Christopher Marlowe and Richard Baines: Journeys through the Elizabethan Underground

By Roy Kendall | Go to book overview

Introduction

1

EUROPE IN THE EARLY TO MID 1580S HAS BEEN DESCRIBED BY JOHN Bossy as being akin to Europe in the late 1930s. He writes: "The hostilities of believers in incompatible doctrines of salvation ... had induced a state of warfare, actual or potential, throughout most of the West. This was now building up to a grand confrontation.” The situation, Bossy adds, resulted in the "state of undeclared civil war between Protestants and Catholics which existed throughout north-western Europe, except in the Netherlands, where it had been declared. In France it had gone on openly for much of the previous twenty years, though it was for the moment officially in suspense; there existed in the south a Protestant state within a state, in which the young Henri of Navarre reigned. It was only kept underground in England by extreme vigilance and careful statesmanship on the part of Queen Elizabeth and her government.” 1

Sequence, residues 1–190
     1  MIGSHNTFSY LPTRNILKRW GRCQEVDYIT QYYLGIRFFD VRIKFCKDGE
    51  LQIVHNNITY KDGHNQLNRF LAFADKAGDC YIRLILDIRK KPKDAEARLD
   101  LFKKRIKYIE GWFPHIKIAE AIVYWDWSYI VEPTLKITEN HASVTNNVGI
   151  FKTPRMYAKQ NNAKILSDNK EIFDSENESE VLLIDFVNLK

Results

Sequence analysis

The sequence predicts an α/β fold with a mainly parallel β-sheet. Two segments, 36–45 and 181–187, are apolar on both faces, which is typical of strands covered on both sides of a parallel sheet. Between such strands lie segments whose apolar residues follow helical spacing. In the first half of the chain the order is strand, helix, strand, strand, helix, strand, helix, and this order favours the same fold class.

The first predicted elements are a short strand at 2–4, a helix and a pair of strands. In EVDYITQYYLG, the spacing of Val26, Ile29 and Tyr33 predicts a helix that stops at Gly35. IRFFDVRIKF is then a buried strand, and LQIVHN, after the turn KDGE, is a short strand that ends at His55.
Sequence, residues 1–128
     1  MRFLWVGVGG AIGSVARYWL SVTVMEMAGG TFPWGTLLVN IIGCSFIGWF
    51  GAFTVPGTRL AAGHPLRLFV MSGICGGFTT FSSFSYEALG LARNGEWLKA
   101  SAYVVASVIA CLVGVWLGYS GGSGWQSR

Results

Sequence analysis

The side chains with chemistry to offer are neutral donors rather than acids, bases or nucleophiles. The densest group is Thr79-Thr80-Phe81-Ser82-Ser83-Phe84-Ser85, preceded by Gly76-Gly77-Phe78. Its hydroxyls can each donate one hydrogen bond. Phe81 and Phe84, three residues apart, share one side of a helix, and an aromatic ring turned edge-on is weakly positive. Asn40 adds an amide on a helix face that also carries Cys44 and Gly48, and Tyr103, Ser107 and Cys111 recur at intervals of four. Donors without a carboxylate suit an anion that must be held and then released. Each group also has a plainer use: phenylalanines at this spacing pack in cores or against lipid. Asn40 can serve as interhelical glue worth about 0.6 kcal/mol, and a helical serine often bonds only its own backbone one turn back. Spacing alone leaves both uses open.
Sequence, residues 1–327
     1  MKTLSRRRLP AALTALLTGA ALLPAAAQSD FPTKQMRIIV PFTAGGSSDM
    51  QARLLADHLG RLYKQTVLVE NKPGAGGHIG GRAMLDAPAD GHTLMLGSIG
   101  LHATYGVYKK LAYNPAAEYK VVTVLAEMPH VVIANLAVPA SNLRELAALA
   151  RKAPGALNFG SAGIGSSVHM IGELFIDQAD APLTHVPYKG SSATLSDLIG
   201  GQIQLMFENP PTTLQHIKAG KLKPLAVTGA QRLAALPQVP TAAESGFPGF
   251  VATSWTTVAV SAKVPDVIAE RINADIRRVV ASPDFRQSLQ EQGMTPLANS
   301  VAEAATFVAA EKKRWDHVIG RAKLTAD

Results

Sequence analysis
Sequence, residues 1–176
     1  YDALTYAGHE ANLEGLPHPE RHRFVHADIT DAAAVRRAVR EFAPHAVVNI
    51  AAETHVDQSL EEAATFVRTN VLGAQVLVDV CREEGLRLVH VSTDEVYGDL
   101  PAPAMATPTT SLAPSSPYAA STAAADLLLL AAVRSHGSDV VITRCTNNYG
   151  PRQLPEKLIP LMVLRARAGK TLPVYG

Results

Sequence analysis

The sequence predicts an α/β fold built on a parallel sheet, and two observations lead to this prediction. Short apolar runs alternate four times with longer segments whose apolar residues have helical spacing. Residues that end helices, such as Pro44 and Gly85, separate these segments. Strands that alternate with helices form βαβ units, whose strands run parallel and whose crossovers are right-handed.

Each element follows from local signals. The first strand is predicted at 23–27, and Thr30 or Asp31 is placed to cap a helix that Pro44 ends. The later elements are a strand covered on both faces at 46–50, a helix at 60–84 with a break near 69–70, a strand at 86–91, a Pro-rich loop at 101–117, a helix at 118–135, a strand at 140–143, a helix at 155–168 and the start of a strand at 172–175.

This was the backcloth against which Christopher Marlowe grew to manhood at Cambridge, wrote part 1 of Tamburlaine the Great, and was first introduced to this underground world. It is true that the Elizabethan underground comprised more threats to national security than just the Catholic/Protestant conflict; but it is also true that this was by far the largest of the tunnels under Elizabethan England. Indeed, at some points this tunnel opened out and became positively cavernous. The fact was, whatever Elizabeth's government put out to the contrary, the old religion had not died out even in London at the seat of that government and especially not in the far corners of the land, critical though the ordinary man and woman in the streets and in the country lanes may have been about many aspects of the reign of Elizabeth's sister Mary, the papacy and Spanish foreign policy—as far as they were able truly to evaluate these things through the smog of government propaganda. In addition, "England had suddenly, and most unexpectedly, become the scene of a full-scale Catholic revival.” 2 For the most part, Elizabeth and her ministers managed to keep the lid on this revival and forced

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